William Orme - Strategic Marketing Manager for System IP, Processor Division at ARM. William is responsible for the CoreLink NIC-400 and the next generation on-chip interconnect. At ARM since 1996 he has lead the introduction of many new products, including the ETM and subsequent CoreSight multi-core debug and trace products. Prior to joining ARM, William spent 12 years designing embedded systems from financial dealing rooms, through industrial automation to smartcard systems. William holds degrees in electronics and computer science as well as an MBA.


Bill Neifert - Chief technical officer and founder at Carbon Design Systems. Prior to founding Carbon, he worked in applications engineering management positions at Quickturn Systems and C Level Design. Bill started his career as a design engineer at Bull HN. He has a BS and MS in Computer Engineering from Boston University.


Eric Sondhi  - Corporate applications engineer at Carbon Design Systems. Before Carbon, Eric worked as a software engineer developing core software and device drivers for next generation storage systems. He has a BS in Computer Systems Engineering from the University of Massachusetts Amherst and an M.B.A. from Boston University.


>> Click here to register

The Internet of Things represents a vast opportunity for electronics designers if we can figure out one not-so-small problem.


We are rightly having myriad conversations here in the ARM Connected Community on the potential:

Will IoT Break M2M Silos for Start-up Apps?

IoT Success Depends upon Decoupling

Diversity drives IoT deployment

Balancing IoT's promise with privacy concerns

Freescale's Five S’s of IoT


(And this is just a fraction of what's been published here!)

It reflects our innate understanding that IoT's application potential is big, broad and pretty much unbounded. And yet we need to simplfy it, as Steve Nelson of Freescale has blogged about (Embedded Beat: The Five S’s of IoT | Freescale Community). (Thanks for the heads up, Lori Kate Smith!).


We need, as part of that simplification exercise, to tackle that not-so-small problem I alluded to: We need a natural user interface (Dennis Laudick has some great insight into interface design possibilities: From Keyboards to Touchscreens To....? The ‘Futuristic’ HMIs That Will Soon Be A Reality In Your Pocket.).


In earlier technology eras, we adapted to specific interfaces (computing keyboards, mobile touchscreens). But IoT will be so diverse that we need it to adapt to us. And that's where natural user interface design comes in.

My colleague Seow Yin Lim explains the implications, and she'll be writing a series about it. Natural user interface design should be a great industry conversation.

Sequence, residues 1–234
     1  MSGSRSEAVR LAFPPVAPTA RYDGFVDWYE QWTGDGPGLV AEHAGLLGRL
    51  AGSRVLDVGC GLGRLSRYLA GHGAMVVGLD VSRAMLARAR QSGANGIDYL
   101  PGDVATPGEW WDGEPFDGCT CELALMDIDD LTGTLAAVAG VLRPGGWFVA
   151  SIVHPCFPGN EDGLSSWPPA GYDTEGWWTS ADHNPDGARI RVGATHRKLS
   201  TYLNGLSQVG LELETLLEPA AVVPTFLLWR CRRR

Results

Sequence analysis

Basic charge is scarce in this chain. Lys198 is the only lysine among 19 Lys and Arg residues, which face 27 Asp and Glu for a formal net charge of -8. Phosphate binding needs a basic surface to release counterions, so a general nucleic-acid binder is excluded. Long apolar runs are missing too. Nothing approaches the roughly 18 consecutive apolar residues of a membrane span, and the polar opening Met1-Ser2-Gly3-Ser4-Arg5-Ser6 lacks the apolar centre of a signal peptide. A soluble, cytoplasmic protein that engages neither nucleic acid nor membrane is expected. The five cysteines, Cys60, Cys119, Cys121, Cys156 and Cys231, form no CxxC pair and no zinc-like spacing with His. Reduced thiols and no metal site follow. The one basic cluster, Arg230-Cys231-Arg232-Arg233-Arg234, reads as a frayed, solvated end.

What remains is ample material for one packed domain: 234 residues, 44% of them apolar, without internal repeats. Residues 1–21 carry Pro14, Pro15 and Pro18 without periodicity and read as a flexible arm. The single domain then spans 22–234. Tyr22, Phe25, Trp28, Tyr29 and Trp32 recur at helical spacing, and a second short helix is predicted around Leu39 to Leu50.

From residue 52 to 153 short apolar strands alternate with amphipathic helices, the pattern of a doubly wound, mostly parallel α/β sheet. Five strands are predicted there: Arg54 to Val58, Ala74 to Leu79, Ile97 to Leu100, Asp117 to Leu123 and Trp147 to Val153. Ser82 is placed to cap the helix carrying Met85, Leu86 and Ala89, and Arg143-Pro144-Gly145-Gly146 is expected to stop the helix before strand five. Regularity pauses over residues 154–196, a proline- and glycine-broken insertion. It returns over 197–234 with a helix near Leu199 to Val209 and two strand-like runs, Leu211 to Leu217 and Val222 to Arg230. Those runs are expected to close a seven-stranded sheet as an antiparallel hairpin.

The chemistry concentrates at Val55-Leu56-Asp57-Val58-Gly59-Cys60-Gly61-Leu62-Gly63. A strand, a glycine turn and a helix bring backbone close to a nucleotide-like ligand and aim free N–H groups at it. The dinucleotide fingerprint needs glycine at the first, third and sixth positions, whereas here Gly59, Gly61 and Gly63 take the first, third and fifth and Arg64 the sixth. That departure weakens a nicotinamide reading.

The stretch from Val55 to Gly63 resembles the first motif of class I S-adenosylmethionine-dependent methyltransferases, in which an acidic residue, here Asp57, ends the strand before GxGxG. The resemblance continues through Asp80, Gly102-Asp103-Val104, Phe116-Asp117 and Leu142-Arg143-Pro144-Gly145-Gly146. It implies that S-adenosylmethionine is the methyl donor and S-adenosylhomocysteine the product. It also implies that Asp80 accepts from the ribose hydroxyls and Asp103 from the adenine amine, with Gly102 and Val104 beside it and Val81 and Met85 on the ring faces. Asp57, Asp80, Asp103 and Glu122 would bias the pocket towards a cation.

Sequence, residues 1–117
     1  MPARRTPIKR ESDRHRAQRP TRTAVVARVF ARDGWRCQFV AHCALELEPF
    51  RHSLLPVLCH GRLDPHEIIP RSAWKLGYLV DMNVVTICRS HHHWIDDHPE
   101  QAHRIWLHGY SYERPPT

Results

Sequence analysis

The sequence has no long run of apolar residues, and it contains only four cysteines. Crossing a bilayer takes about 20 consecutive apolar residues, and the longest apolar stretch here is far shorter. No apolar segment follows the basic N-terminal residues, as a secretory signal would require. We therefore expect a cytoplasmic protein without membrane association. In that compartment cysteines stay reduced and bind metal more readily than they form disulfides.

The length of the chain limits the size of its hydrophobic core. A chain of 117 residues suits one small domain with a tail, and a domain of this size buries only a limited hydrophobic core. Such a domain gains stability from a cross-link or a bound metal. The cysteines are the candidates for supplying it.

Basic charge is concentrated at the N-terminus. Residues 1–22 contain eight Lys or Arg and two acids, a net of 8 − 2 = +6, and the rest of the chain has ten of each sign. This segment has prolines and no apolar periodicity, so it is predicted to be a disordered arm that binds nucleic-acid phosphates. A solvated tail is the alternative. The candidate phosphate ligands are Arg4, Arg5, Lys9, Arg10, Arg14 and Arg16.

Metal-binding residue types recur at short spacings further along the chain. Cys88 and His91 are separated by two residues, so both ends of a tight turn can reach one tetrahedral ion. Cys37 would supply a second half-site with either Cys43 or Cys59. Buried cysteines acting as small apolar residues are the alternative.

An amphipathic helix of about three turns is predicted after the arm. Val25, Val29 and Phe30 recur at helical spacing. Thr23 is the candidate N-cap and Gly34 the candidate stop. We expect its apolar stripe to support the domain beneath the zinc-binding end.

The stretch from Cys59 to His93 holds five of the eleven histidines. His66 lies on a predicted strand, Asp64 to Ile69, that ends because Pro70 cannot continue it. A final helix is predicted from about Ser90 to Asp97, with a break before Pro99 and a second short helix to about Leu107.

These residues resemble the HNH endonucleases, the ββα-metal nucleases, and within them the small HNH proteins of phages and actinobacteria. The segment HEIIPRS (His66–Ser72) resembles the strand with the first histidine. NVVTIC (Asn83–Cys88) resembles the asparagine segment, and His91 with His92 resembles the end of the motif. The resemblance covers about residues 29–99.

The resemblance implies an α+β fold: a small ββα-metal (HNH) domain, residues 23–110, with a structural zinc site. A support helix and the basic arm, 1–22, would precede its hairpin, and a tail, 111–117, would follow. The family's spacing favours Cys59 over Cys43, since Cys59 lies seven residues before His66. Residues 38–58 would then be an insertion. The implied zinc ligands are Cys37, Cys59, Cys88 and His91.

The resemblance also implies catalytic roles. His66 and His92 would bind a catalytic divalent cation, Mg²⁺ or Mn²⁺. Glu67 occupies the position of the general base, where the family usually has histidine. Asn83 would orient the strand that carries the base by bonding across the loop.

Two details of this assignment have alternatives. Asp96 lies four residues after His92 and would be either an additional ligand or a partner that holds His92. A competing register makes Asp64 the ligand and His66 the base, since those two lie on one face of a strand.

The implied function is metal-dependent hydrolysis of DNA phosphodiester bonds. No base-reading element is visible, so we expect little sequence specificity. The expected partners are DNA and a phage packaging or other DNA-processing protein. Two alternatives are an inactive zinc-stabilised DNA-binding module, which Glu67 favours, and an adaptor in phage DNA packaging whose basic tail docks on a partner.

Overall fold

What are your thoughts?

As use of advanced node technologies (FinFET specifically) ramp, more designers are confronting challenges in technology, productivity, and time to market. To get a sense for what engineers need to know about advanced nodes, FinFETs, and parasitic extraction, Brian Fuller, editor-in-chief at Cadence, sat down with Hitendra Divecha, senior product marketing manager at Cadence, to understand more about where we are today.Hitendra%20Divecha-cropped.jpg


Q: Hitendra, let's start at a really high level: As we move down into leading-edge nodes—16/14nm FinFETs and beyond—what are the main challenges that designers face today?


A: Well, we can bucket these challenges into two main categories: Increasing complexity and modeling challenges. It’s not just tighter geometries and new design rules, which come with every new process node. We talked about the introduction of FinFET, but there is 3D-IC as well,the number of process corners is exploding, and specifically for FinFET devices, there is an explosion in the parasitics that couples capacitances and resistances. This increases the design complexity and sizes—the netlist is getting bigger and bigger, and as a result, there is an increase in extraction runtimes for SoC designs post-layout simulation and characterization runtimes for custom/analog designs.

Q: You mentioned modeling challenges and accuracy, what’s happening there?


A: Yes, so design complexity is one challenge, but there are various modeling challenges as well. For FinFET devices, for example, there is an introduction of local interconnects, there are second- and third-order manufacturing effects that also need to be modeled. So all of these new features have to be modeled with precise accuracy. Performance and turnaround times are one thing, but if you can’t provide accuracy for these devices, especially as it relates versus the foundry golden data, there is a burden on our customer that they have to over-margin their designs and leave performance on the table.


Q: Talk a little more about that. We talk about the enormous percentage of design time taken up by verification in general. How much has extraction, as a subset, grown as we get into these advanced nodes? Can we quantify that?